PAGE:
Gregory Williams

  • Reporting from São Paulo, I’m from the United States,1998. Still from a video installation.

    Andrea Fraser

    Organized by Kunstverein director Yilmaz Dziewior, this sampling of roughly forty works produced by Andrea Fraser since the mid-’80s is the artist’s largest show to date.

    Organized by Kunstverein director Yilmaz Dziewior, this sampling of roughly forty works produced by Andrea Fraser since the mid-’80s is the artist’s largest show to date. With a catalogue containing essays by Dziewior, George Baker, and Anke Kempkes and a compilation of Fraser’s own extensive writings, the last fifteen years of one particularly versatile strain of institutional critique is open to scrutiny. Fraser’s work, which ranges from the quietly cerebral to the spectacularly performative, has had a lot to say about how this genre evolved through the ’90s. Typically characterized by an

  • Romantic Landscapes with Missing Parts, 2002-2003.

    Nedko Solakov

    Having spent over a decade demonstrating a flair for the absurd and the marginal, Nedko Solakov has long resisted the ordering impulse inherent in the midcareer survey. Curators Charles Esche (Rooseum, Malmö, Sweden), Enrico Lunghi (Casino Luxembourg), and Martin Sturm (O.K. Centrum für Gegenwartskunst, Linz, Austria) will most likely witness a show whose form changes as Solakov responds to each venue. Along with essays by the artist and curators, the accompanying catalogue will contain contributions by Saul Anton, Carolyn Christov-Bakargiev, and Jordan Kantor, among others, that should shed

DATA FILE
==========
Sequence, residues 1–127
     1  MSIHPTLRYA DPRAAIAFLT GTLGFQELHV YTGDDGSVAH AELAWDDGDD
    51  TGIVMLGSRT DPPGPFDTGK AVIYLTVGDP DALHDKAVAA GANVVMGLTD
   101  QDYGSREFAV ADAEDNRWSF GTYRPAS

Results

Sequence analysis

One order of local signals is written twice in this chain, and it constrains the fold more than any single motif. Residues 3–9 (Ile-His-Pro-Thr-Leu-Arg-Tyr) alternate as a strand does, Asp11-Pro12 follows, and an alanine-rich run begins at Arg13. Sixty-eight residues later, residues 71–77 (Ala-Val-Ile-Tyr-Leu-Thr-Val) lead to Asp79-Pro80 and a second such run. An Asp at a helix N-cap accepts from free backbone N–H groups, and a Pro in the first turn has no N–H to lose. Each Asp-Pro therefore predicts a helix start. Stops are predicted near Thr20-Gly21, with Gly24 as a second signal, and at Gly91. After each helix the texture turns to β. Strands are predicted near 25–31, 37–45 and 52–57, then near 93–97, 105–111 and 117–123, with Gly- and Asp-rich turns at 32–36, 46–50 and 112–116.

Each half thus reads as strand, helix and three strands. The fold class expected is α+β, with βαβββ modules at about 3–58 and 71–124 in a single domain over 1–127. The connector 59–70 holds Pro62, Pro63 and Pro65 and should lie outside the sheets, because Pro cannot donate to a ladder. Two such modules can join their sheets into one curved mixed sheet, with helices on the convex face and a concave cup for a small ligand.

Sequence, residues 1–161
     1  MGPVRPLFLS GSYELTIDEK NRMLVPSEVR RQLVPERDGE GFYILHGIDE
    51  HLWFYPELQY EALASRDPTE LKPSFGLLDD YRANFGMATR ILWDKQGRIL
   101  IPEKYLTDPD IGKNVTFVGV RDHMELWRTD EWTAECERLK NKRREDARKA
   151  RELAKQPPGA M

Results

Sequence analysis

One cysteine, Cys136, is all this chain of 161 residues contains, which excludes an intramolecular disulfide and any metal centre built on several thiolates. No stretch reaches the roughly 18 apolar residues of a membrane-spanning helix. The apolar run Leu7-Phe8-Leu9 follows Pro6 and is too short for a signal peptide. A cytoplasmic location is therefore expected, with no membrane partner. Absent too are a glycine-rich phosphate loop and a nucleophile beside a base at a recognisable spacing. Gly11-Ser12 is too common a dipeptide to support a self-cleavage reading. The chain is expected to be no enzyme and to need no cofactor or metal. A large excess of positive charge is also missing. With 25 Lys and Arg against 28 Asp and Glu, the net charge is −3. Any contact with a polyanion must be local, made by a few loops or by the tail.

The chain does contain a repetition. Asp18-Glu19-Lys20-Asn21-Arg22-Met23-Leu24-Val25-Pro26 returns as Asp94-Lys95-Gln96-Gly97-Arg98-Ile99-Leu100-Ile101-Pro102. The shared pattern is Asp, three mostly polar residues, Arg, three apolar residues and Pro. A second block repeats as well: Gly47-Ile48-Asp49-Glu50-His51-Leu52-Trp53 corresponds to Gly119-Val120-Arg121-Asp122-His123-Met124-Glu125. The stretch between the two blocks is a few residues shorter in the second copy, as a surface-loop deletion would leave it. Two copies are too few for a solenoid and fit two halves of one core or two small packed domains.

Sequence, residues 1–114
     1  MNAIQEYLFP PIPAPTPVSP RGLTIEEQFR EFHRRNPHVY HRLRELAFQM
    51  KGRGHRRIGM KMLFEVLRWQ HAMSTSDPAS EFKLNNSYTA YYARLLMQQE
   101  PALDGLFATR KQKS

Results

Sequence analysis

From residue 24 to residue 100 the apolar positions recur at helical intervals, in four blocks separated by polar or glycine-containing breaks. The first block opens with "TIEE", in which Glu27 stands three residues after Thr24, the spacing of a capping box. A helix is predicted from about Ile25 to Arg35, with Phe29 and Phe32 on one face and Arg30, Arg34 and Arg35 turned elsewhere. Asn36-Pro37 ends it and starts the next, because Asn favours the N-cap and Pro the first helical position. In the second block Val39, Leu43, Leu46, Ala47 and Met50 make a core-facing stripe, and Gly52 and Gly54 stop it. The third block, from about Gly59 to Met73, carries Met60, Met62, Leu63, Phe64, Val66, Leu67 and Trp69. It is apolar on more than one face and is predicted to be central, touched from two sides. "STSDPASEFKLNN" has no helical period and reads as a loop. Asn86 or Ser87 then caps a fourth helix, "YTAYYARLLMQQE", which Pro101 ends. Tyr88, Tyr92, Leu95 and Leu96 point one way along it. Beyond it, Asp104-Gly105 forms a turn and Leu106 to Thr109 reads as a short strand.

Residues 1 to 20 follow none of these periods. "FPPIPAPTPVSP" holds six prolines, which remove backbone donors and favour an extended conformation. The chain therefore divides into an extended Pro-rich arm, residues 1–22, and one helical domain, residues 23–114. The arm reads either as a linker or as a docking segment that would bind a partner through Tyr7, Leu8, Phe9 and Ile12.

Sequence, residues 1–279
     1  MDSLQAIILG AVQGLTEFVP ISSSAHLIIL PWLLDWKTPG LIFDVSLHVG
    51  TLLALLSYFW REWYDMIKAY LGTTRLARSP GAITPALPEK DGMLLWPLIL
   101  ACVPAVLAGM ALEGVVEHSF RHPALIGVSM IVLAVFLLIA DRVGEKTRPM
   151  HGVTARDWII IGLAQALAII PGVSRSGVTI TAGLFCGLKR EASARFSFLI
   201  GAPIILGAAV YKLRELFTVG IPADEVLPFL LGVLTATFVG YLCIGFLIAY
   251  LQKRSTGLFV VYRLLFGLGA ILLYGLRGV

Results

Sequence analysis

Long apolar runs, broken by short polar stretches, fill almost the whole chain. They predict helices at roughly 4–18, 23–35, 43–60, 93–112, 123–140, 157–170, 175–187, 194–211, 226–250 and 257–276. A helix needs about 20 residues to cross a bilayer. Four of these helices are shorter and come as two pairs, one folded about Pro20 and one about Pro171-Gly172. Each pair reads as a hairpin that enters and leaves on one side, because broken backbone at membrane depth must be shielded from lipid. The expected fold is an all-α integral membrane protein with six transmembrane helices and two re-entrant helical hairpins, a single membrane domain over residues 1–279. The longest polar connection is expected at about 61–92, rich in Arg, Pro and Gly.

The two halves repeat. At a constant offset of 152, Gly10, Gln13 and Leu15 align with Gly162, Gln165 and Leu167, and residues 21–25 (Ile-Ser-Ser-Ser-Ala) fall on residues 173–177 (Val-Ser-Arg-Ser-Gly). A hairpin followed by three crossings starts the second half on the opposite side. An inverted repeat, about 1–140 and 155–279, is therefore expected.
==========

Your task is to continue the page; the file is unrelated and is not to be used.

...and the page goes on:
• Ann Lislegaard

    In a passage from The Poetics of Space (1958) in which he discusses the solitude and passivity to be experienced in the corner of a room, Gaston Bachelard urges poets to “designate the space of our immobility by making it the space of our being.” Ann Lislegaard’s Corner Piece—The Space Between Us, 2000–2003—two freestanding, white-painted facades meeting at a right angle a short distance from the gallery walls—seemed to respond directly to Bachelard. Though the piece offered little information on a visual level, the space-shaping presence of recorded voices, emanating from speakers installed at